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How can I help my husband cut our teenage daughter some slack?

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We have a wonderful 13-year-old daughter and 11-year-old son. My husband is very frustrated with our daughter's 'attitude', but when I listen to what he gets angry with, it is really his overreaction to her. Unfortunately, both of them mirror each other exactly with their frustrations, but neither one of them hears the other.

I understand what is happening and I am trying to bring both sides to each other. My daughter will listen and try to adjust, but not my husband - children should be seen and not heard - perfectionist.

Any suggestions? My son and I are left wondering what war is going to be fought tonight.

This question was submitted by 'Trish'

mark tyrrell

Mark says...

Hi Trish and thank you for writing in.

It does sound like your husband is exacting, perfectionistic, and, perhaps, has an intolerant attitude where your daughter is concerned. It can be so hard to see one's own behaviour.

Here's a thought experiment (not a practical suggestion). If you suddenly started behaving even more intolerantly toward your daughter, three times as intolerant as your husband, how might he react? Often when people are 'shown' their own behaviour by demonstration, they back down and adopt a more measured and appropriate response.

From what you say, it sounds like your daughter has at least tried to meet your husband halfway. He may have been raised in an environment in which parents had total power over children. But does he really want to be head of his own dictatorship? And anyway, that's not possible because you are not like that. So all that will happen is that resentment will build - perhaps within you as well as your daughter.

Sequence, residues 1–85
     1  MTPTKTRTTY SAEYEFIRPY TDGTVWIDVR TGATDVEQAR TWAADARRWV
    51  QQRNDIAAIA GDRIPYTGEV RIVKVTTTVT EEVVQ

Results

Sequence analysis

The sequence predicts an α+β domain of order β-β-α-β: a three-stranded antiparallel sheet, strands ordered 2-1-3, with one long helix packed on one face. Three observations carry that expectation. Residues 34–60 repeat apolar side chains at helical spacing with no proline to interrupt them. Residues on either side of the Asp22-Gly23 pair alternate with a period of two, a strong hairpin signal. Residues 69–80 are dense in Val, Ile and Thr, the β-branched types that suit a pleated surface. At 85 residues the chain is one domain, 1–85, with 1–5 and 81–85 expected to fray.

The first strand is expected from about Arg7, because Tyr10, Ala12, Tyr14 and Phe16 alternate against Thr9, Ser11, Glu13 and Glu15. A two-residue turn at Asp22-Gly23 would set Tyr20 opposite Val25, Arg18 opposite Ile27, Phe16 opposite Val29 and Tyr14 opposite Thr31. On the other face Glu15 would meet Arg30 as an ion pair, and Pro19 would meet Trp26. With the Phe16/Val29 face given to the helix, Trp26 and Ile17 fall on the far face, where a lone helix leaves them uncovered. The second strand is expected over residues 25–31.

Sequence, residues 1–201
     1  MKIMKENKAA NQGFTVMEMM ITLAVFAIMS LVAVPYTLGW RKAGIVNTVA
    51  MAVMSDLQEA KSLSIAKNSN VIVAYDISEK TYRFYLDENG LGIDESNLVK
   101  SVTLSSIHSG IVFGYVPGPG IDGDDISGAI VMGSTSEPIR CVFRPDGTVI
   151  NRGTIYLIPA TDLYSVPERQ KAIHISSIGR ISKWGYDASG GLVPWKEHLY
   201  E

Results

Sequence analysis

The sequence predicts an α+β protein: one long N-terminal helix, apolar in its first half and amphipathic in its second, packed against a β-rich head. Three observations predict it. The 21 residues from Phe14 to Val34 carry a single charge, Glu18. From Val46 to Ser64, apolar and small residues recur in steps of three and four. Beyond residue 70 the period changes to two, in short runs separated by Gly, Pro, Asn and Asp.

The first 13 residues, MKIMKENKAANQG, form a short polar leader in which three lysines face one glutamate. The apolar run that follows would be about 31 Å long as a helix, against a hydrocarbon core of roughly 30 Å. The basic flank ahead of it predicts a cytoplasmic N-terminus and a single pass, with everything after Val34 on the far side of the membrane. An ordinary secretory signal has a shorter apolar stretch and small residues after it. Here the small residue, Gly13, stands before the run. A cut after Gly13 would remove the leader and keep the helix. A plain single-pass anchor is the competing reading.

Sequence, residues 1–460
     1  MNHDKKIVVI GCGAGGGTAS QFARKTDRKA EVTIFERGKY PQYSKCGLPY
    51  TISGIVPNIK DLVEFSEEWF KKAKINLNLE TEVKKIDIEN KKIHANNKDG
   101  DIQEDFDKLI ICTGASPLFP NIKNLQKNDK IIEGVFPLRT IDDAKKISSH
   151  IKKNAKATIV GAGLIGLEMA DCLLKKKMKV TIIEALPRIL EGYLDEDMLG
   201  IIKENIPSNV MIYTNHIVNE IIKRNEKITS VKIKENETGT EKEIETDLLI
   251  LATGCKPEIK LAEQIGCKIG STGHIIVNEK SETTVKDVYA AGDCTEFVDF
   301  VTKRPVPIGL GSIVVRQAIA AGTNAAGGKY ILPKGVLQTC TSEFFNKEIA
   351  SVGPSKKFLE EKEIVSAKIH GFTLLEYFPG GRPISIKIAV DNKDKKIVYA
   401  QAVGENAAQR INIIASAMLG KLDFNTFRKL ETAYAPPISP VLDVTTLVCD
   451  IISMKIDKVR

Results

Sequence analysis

I think teenagers do need limits and boundaries so they can grow responsibly and happily. But too many boundaries stifle and subdue free expression or form a kind of grotesque overblown rebellious backlash, while too few boundaries can cause loss of respect for others and the self, emotional insecurity, and just as much of a different kind of resentment.

When he talks about your daughter's attitude, you might ask him how he would like her to be. If she is wilful sometimes, ask him whether he'd prefer she had no self-will at all. Would that serve her well later in life? In relationships when she's older? If she expresses her opinion, ask him if he'd prefer her to never speak up. If she disagrees, ask him if he wants her to say yes to everyone later in life.

Expand his context where you can. Just about any attitude, in a certain context, would actually be adaptive. Help him think more flexibly and question any fixed assumptions. He could also (but probably won't) read 'How to Overcome Perfectionism in Everyday Ways'.

If he's contrary, ask him - ahead of time - what he's going to argue about with your daughter tonight. He may 'rebel' himself toward your prediction by not arguing with her. We can't make him be reasonable, but you can certainly help loosen up his thinking a bit so he becomes less rigid where your daughter is concerned. He needs to see that 'tough but fair' is no good without the fair bit.

All best wishes and I hope things improve soon!

Mark

watch icon Published by Mark Tyrrell - September 21st, 2014 in

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